|After her impressive debut Indianapolis 500 mile race in 2005, in which she finished fourth and led 19 laps, Danica Patrick was featured on the cover of Sports Illustrated.|
I was excited for her in 2008 when she won her first (and to date only) IndyCar Series race at Twin Ring Motegi in Japan. I was also intrigued by her move to NASCAR in 2010, which became a full-time move in 2012 when she decided to leave IndyCar. I wanted to see her succeed, but aside from a pole at the 2013 Daytona 500, there have only been a few bright spots in her NASCAR career. In the Cup Series, she has only seven top-tens and has never even cracked the top-five in nearly 200 races.
|Patrick celebrates her only IndyCar Series win with second-place finisher Hélio Castroneves and third-place finisher Scott Dixon.|
(Photo: Jonathan Ferry/Getty Images)
|Patrick moonlighted in the Nationwide Series for Turner Scott Motorsports after moving to Cup but never ran a race outside of Daytona or Talladega.|
(Photo: Action Sports Photography/Motorsport.com)
|Patrick struggled early and often in her Sprint Cup Series career, though not every accident was entirely her fault.|
(Photo: John Harrelson/Getty Images)
|Patrick tearfully announced her retirement yesterday at Homestead-Miami Speedway.|
(Photo: Jonathan Ferrey/Getty Images)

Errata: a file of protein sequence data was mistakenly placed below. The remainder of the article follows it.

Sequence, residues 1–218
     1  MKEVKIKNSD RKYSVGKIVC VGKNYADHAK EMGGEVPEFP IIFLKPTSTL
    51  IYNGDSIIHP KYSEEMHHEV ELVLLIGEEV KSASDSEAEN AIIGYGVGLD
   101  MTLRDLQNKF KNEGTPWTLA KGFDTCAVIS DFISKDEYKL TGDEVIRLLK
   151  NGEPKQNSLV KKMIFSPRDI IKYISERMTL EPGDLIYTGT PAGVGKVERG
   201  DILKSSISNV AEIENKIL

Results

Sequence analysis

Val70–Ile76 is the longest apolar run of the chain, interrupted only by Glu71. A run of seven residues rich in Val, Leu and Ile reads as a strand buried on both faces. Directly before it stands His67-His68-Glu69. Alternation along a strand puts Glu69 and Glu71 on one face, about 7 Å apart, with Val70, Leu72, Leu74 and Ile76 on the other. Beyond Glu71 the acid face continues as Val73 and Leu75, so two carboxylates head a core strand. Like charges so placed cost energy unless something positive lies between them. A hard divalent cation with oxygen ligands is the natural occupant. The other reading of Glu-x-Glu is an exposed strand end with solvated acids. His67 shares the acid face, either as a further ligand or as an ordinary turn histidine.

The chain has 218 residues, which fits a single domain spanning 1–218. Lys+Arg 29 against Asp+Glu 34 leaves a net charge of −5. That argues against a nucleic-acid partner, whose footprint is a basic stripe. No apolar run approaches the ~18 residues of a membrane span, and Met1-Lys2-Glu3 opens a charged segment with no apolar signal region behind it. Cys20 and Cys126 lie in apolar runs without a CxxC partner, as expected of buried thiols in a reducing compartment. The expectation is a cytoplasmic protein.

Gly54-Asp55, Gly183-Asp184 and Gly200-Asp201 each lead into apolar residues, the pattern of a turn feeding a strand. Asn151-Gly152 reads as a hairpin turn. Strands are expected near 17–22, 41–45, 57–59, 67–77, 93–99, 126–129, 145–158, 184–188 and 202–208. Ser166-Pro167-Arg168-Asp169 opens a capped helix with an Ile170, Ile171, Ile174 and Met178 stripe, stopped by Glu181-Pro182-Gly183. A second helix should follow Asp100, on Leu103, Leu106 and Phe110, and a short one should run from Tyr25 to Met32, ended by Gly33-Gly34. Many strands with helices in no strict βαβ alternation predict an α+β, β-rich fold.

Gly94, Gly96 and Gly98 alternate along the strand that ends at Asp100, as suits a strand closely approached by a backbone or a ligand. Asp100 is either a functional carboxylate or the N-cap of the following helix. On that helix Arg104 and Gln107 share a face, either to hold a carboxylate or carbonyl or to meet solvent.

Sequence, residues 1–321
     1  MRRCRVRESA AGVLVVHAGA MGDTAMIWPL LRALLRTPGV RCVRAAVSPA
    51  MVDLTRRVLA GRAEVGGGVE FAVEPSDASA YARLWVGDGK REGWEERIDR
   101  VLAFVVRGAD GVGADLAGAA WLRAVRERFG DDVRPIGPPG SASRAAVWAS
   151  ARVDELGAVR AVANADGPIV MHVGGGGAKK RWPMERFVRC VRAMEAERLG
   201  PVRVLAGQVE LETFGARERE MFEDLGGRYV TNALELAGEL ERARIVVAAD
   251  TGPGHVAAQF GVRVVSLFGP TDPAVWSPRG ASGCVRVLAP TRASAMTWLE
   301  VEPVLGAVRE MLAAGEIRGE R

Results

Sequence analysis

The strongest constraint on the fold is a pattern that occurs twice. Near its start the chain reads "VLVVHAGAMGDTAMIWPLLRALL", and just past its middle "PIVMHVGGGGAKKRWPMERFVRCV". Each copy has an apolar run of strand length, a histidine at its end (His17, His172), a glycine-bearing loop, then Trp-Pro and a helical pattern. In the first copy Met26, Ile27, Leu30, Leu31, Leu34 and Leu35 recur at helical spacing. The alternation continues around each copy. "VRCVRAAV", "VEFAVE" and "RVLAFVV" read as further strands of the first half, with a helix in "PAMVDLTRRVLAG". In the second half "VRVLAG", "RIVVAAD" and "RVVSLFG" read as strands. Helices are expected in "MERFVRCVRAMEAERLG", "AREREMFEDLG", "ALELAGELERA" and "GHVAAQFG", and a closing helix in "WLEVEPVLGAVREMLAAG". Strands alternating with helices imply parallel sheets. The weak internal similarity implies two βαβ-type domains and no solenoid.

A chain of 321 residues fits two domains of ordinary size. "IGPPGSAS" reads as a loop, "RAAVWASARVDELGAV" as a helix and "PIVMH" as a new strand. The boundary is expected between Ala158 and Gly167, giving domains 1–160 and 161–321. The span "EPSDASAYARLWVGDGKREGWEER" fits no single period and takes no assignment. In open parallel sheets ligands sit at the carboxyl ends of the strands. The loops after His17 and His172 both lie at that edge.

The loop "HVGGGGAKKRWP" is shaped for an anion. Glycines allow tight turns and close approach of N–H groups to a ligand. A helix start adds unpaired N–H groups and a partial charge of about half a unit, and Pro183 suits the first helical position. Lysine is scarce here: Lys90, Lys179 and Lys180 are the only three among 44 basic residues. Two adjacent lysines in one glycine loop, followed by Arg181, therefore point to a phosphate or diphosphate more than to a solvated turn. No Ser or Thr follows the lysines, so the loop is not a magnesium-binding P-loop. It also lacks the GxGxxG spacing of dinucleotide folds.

|Patrick has not run the Indianapolis 500 since 2011 when she finished tenth.|
(Photo: Eric Gilbert/Motorsport.com)
Danica Patrick can win both the Daytona 500 and the Indianapolis 500 in 2018.
Now before you accuse me of being an unrealistic Danica fanboy, let me explain my reasoning.
|Patrick led laps on superspeedways several times in her career.|
(Photo: Fox Sports)
|Patrick collided with Team Penske's Ryan Briscoe in the pit lane on lap 171 of the 2008 Indianapolis 500.|
(Photo: Michael Damsky/Reuters)
Still, Patrick will likely need to do some testing to readjust to a single-seater. If I were in her position, I would strongly consider running at least the Grand Prix of Indianapolis on the IMS road course to give her additional IndyCar seat time before qualifying for the 500. But given how quickly drivers such as Kurt Busch, Alexander Rossi, and Fernando Alonso have been able to adapt to IndyCars after never having been in one before, it would be foolish to think Patrick cannot do the same after her absence.
Let's also say she works out a deal with Ganassi. Ganassi has pulled off the double himself; in 2010, Jamie McMurray won the Daytona 500 while Dario Franchitti kissed the bricks at Indianapolis. His teams are both more than capable of winning, and while Patrick and Ganassi have never worked together, such a combination should be able to provide results should everything go their way.
Should Patrick be expected to win either of these races? Probably not.
But she absolutely can.